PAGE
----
Observing 28./29.3.2014

Date: 28./29.3.2014
Time: 00:00-02:00
Observing site: Stormälö, Parainen, Finland
Instrument: L 102/1000mm

NELM: 6.4
SQM: 21.21
Darkness of the background sky: 1
Seeing: 2
Transparency: 1
Weather: Clear sky, calm, no Moon, no snow, dry air, -3 °C

Objects observed: SS Cyg, Messier 5

In the end of March I finally had a chance to do some deep sky -observing again! In the night between 28th and 29th of March I headed to my observing site in Parainen. Observing conditions during that night were perfect: the sky was absolutely clear, the Moon was absent and it was calm and the air was dry, so there was no condensation problem as usually is the case! It was also pleasently warm, temperature was only 3 degrees below zero! During this winter we haven’t had much winter at all, and that has been the case also during March 2014. During mid March, there was snow on the ground for couple of days, but in late March all snow had melted away!

During this wonderful night I observed dwarf nova SS Cyg and globular cluster Messier 5 in Serpens. This time I noticed SS Cyg to be in outburst, and it’s brightness was about 8,6 magnitudes.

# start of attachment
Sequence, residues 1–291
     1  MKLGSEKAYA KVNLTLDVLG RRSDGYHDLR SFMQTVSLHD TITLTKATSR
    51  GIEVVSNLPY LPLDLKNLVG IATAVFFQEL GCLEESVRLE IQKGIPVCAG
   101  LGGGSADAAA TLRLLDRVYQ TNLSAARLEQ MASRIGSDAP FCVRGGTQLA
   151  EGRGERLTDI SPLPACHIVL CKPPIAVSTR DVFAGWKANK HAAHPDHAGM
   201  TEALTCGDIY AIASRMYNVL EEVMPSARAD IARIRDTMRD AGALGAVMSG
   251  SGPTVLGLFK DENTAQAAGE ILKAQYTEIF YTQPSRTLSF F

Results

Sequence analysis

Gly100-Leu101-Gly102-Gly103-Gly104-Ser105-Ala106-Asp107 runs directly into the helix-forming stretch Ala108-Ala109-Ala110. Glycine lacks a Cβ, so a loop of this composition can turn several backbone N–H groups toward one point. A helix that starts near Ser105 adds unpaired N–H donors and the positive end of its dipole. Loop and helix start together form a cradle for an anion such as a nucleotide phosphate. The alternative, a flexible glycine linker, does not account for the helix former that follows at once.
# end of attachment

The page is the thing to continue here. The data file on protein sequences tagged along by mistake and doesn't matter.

Messier 5 is a famous globular cluster in the constellation of Serpens, and more precisely Serpens Cauda, the Head of the Snake. I observed this cluster with my 4” refractor. With my instrument, the cluster appeared as a bright, concentrated cluster, which gets brighter towards the core. The cluster is resolved nearly to the core. There is a relatively bright star in the western edge of the cluster. The apparent visual diameter of the cluster is roughly 10′. This is a great target for visual observations, also with smaller telescopes!

Messier 5 observed with 4'' refractor
Messier 5 observed with 4” refractor
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